Second Life society is like all the little living things in a pool of muddy poisonous water. Sure, they evolve in response to their environment, but wouldn’t they do so much better with a puddle of clean, sustaining water? It would be a shock to the system, but the end result is a stronger environment, more alive.

    You have a good point that purely making an SL Google wouldn’t work. I’m the first to agree with you there, there does need to be a range of systems to find content. I think if there were three different in-game systems we’d have a pretty dynamic and vibrant search world. A Digg system would show what were the hot parties of the moment, or the cool, quirky ideas of the day. Combine directories where you can dig down into games, roleplaying, poetry clubs, sci-fi geeks, whatever. Directories direct you to well planned, decent content. In addition to those mechanisms, add a more effective general search, much as you outlined, with items, avatars and builds all searchable and ranked in a way different to popularity.

    One system on its own wouldn’t work, but a few options would. They would satisfy those looking for specific content (directory search for, say, sci fi –> star trek –> roleplaying clubs), those looking for something specific, eg a replica AK-47 (SL Google-type functionality), or those just looking for the-cool-of-the-day (a digg style system).

    This vanilla flavored content list that is SL search is a boring, monotonous monoculture that doesn’t foster new or cool content, regardless of your tastes. It merely popularizes the most banal and basic. It’s no so much that NPR and BBC is where I want SL to be (though for my tastes it would be a vast improvement), it’s that there’s not even the chance of minority cool content being easily located by the majority of new SL users. This results in a perpetual cycle of the same-old-same-old and SL’s current low retention rate.

  10. Well, frankly, I think you did read my posts either on SLOG or Sheepblogs or a dozen other places, I have been hammering everywhere with this idea for probably a year.

    I think the retention problems are more about the lack of a good DSL connection and high-end graffics card and inability to quickly get a job more than anything else. Neither of those problems are ones that LL is interested in solving.

    But the exponential growth and the enormous press coverage simply gives the lie to the claim by the intelligentsia that there’s nothing to do and it’s all low-brow entertainment for the masses — the masses with of course DSL and high-end graphic cards, which are more masses than most people are prepared to believe in fact.

    To which I can only say: don’t burn down the content of the masses, build your own.

    And find your own, not by putting in witless things like “games” in a place that is NOT a game write large, and where games are going to turn up casinos. If you want games, you are in the wrong pew; go to World of Warcraft.

    I’m also boggled at the idea of expecting anything, anywhere, in the known universe or Metaverse to give you anything meaningful by typing in the word “fun”. “Roleplay” is slightly better, but also too large a category. Of course page one will be filled with gamed parcels with 40,000 traffic.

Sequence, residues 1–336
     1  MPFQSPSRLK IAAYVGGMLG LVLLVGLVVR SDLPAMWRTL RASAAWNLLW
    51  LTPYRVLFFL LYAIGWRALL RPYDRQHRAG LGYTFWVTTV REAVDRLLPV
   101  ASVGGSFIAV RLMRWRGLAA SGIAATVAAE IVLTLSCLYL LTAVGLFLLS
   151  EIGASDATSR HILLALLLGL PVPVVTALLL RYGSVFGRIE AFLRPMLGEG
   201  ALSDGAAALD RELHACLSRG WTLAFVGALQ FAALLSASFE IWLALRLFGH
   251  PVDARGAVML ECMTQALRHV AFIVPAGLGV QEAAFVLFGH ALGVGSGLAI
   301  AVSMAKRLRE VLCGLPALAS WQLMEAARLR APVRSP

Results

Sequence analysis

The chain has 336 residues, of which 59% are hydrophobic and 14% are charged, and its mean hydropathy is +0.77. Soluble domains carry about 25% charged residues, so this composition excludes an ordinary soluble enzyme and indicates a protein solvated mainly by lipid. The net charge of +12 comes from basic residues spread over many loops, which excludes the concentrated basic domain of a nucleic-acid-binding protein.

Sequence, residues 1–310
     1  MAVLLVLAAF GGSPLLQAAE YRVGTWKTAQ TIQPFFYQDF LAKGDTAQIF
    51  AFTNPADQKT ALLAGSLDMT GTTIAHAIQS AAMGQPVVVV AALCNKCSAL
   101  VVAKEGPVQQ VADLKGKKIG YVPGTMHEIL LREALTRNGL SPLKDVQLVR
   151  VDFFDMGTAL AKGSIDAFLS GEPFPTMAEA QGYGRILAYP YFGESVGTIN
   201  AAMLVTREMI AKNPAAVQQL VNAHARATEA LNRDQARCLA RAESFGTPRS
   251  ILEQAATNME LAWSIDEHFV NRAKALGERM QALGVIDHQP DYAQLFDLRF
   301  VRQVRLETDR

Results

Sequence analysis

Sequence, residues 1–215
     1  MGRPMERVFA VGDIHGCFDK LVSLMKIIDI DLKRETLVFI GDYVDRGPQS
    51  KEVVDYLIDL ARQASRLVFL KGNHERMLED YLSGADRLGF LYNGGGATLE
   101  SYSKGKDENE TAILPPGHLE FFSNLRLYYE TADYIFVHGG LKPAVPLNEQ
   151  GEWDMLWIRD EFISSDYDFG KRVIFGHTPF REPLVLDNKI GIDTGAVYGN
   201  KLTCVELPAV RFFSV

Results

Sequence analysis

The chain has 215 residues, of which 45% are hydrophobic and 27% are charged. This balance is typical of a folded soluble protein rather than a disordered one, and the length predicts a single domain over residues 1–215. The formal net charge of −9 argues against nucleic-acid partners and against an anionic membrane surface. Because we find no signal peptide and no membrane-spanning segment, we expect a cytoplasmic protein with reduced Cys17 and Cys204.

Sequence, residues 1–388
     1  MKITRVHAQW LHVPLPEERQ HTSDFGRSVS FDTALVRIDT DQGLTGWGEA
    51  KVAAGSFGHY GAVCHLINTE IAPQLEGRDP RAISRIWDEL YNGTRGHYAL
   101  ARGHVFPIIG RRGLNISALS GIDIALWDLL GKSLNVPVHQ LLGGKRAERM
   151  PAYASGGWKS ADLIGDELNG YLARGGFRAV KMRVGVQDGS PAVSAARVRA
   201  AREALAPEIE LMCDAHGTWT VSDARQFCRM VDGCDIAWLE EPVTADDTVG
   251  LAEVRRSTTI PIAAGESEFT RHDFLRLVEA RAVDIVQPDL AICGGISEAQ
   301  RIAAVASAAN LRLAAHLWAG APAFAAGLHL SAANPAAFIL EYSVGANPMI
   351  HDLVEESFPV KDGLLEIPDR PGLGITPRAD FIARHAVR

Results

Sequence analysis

Have you heard of clicking to the next page, use the arrow at the bottom of the page. Most people really searching and living in SL have long ago learned to screen out those gamed first slots or first pages.

    Then you start to easily find:

    “NOT FINISHED YET!Rosewood City and estate. Medieval roleplay with kings, knight, dames and wars. Feel free to join!”

    ( Zone Roleplay francophone ) – Une vieille batisse oubliee et mysterieuse aux abords d’une immense foret. ( Jeu de role )

    1890’s Wildwestern Roleplay.Tombstone Arizona -Oriental-Cowboys, win Lindens.

    Rift City is a city on the nexus of other worlds. Strange creatures from other worlds often arrive here. (Roleplay Area)

    Turn-based animated battle arena, PVP and vs. AI, weapon shop, RPG / roleplay friendly hangout in progress

    All of these are low traffic however. And that’s exactly WHAT WE NEED TRAFFIC FOR!!!!. We need to sort between the highs that are gamed and the very low that tells us their owner is offline, not logging on, and not caring about his parcel, and people aren’t really using it.

    So within 30 seconds of being able to ignore the very high traffic, because we don’t want orgies, and weed out the low traffic which may not be very good content, we find something like this:

    Avilion Isle: Medieval, Fantasy, Role Play, Community
    Non-Gor/Gorean, Roleplay, Combat/Magic,Battleground,Tournament,Human,High Elf/Elven,Drow,Dragon,Fairy — Rules Apply
    TRAFFIC 6235

    6235 lets you know this is a very decent place with brisk business but no camp chairs. Perfect.

    All of that ability to screen and analyze is being demolished because people like you are screaming to have the news of traffic removed from the entire world, just because of the limited misuse of it by those who wind up in the top slots.

    Campchairs will massively distort if you can’t use on SL’s search what you’d have the wits to use on Google. Use “sciencefiction” or “steampunk” or something for God’s sake.

    Hell, use PIRATES.

    Uh, I’m sorry, but the rap on me that I’m too old to remember what it’s like to be a newbie is silly, since I have to deal with streaming newbies 24/7 in my rentals business and constantly strive to find ways to help them search better. I have refined and refined not only my own offices and various forms of public content but the infohub in Ross, check it out.